|Chennai||Rs. 28610.00 (-0.14%)|
|Mumbai||Rs. 29790.00 (1.43%)|
|Delhi||Rs. 28000.00 (-1.93%)|
|Kolkata||Rs. 29360.00 (0.44%)|
|Kerala||Rs. 27650.00 (0.91%)|
|Bangalore||Rs. 28250.00 (0%)|
|Hyderabad||Rs. 28650.00 (0.74%)|
* Thursday's cabinet meeting unlikely to take a call
* Soyoil futures ease 1.1 pct from the day's high (Adds details, background)
By Ratnajyoti Dutta
NEW DELHI, Jan 16 (Reuters) - India is unlikely to increase import duties on edible oils, including palm oil, immediately, government sources said on Wednesday, after speculation of an imminent rise to curb a surge in overseas purchases of cooking oils pushed futures higher.
Malaysia, one of India's biggest suppliers, ended Kuala Lumpur's export duty on crude palm oil from Jan. 1 and imports could hit a record in January, a senior industry official has said, prompting calls for retaliation from domestic producers.
"No item on edible oil duty hike is listed so far for tomorrow's (Thursday's) cabinet meeting," one of the sources told Reuters.
Soyoil futures had been gaining on speculation there might be an imminent duty increase. The most actively traded soyoil contract on the National Commodity and Derivatives Exchange closed at 715 rupees ($13.1) per 10 kg, losing 1.1 percent from the day's high at 722.8 rupees.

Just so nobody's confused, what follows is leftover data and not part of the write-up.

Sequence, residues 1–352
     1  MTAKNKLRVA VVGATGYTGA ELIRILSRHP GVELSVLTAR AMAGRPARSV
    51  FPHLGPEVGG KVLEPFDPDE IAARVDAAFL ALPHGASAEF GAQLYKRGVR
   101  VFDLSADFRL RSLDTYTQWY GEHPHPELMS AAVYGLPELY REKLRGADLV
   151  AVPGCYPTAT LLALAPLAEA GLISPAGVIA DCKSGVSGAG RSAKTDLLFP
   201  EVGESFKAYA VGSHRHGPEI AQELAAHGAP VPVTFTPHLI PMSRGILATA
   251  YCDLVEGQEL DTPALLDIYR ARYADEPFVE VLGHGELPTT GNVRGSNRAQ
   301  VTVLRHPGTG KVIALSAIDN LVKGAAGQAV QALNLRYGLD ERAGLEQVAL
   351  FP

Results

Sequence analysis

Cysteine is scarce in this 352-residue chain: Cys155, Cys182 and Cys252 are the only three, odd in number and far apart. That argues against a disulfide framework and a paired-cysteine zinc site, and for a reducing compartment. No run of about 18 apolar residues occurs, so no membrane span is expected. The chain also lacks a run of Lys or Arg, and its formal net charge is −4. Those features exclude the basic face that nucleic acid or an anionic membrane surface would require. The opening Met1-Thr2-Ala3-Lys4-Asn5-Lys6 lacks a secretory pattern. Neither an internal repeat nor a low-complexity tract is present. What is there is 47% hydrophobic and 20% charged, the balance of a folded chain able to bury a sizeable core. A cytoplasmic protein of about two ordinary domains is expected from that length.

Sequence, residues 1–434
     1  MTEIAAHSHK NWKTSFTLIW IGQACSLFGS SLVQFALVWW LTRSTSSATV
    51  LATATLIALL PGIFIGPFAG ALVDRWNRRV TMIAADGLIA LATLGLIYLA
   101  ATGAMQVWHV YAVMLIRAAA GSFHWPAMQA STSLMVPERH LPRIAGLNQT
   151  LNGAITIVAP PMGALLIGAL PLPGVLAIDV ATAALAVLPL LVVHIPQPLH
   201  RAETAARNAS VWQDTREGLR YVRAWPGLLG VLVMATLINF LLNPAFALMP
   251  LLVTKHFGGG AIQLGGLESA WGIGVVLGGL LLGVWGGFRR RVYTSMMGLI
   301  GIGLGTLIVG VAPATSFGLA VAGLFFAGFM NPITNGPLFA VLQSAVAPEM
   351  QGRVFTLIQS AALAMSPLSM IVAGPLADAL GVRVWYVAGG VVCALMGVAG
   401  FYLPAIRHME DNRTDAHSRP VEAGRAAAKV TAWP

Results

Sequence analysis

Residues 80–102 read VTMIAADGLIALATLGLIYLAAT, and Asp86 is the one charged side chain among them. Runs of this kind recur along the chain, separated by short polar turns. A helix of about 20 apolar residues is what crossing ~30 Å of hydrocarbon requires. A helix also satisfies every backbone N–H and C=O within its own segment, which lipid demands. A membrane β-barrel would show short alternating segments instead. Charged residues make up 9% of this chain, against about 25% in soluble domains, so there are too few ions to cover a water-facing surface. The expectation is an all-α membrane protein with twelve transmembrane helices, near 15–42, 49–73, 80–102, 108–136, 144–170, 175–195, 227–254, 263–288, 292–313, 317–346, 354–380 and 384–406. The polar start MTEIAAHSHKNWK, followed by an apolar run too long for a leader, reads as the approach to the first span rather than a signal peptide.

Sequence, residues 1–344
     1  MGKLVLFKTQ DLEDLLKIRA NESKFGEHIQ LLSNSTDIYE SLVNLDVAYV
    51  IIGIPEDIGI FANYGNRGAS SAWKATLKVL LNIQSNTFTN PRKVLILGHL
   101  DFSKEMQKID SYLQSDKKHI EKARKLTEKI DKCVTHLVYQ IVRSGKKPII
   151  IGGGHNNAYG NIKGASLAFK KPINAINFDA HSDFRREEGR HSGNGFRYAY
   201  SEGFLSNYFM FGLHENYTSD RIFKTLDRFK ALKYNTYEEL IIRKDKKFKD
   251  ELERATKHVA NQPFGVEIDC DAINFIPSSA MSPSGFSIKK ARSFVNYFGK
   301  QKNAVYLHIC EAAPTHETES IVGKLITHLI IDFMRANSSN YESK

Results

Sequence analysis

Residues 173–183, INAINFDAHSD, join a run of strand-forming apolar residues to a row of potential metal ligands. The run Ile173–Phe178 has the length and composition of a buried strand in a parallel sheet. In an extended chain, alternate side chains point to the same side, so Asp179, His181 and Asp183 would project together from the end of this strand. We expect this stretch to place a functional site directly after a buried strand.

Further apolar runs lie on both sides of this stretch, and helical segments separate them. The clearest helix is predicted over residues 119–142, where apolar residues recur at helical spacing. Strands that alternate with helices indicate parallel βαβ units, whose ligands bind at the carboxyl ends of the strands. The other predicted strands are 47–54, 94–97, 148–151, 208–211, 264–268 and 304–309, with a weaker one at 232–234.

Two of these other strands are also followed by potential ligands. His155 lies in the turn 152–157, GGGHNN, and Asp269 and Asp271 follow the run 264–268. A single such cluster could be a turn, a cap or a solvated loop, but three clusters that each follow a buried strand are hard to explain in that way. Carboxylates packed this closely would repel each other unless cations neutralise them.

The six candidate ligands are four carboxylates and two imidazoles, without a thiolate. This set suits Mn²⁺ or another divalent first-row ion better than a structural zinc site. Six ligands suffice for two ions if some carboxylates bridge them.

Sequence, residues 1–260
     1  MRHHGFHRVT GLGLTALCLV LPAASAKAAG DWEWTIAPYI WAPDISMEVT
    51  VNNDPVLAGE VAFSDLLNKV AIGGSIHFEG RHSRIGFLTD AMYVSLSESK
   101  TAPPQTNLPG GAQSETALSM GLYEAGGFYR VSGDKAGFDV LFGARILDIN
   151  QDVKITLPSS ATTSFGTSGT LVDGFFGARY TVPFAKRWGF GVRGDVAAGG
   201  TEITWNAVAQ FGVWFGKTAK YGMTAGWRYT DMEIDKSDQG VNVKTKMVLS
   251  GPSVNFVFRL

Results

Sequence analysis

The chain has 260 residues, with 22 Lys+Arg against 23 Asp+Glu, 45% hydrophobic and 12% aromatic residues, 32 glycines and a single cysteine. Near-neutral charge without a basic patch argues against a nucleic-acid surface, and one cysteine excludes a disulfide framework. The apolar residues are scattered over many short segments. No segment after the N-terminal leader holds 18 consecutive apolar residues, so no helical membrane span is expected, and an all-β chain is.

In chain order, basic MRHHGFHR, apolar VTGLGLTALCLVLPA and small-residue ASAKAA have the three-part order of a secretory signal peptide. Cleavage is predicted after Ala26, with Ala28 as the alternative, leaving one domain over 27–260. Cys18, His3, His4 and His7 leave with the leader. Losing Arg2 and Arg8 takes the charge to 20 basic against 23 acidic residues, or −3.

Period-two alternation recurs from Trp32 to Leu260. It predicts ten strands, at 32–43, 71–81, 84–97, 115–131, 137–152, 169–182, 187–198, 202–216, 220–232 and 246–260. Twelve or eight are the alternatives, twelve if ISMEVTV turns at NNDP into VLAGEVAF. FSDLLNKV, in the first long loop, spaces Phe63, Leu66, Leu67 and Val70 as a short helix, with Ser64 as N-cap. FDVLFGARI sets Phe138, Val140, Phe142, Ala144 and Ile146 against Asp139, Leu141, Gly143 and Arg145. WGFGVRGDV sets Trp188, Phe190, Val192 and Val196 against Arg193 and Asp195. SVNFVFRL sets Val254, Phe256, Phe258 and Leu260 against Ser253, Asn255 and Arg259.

India is the world's top vegetable oil buyer and imported 783,091 tonnes of palm oil in December against 614,574 tonnes in November, way beyond trade expectations.
More than half of its 16-17 million tonnes of edible oils demand is met via imports with nearly 80 percent palm oil.
A population growing at the rate of about 19 million people a year, along with an increasingly wealthy middle class, continue to push demand higher.
India allows duty free imports of all types of edible oils including palm oil and imposes a flat 7.5 percent duty on refined oils.
Any move by India against Malaysia, the world's No. 2 palm oil producer, would not be the first time New Delhi has faced pressure to change its import taxes.
In August, the South Asian country raised its taxable level of refined palm oil cargoes to make the product more expensive and help local farmers and refiners.
That was a response to a cut in 2011 in export taxes on processed grades by top palm oil producer Indonesia, to half of those of crude, to encourage its processing industry and lift earnings from higher value-products.
India is bound by global trade agreements not to raise import duties abruptly or without reason.
India buys mainly palm oils from Indonesia and Malaysia and a small quantity of soyoil from Brazil and Argentina.
[$1 = 54.6000 Indian rupees] (Additional reporting by Mayank Bhardwaj in NEW DELHI and Rajendra Jadhav in MUMBAI; editing by Jo Winterbottom and James Jukwey)